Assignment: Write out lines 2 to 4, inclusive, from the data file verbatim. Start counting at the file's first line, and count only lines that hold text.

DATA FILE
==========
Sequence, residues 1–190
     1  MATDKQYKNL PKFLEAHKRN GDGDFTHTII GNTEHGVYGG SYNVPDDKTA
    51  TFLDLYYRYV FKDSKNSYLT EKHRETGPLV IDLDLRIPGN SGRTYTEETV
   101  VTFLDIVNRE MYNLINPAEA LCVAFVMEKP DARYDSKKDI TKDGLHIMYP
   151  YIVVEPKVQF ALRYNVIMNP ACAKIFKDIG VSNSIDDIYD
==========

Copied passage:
     1  MATDKQYKNL PKFLEAHKRN GDGDFTHTII GNTEHGVYGG SYNVPDDKTA
    51  TFLDLYYRYV FKDSKNSYLT EKHRETGPLV IDLDLRIPGN SGRTYTEETV
   101  VTFLDIVNRE MYNLINPAEA LCVAFVMEKP DARYDSKKDI TKDGLHIMYP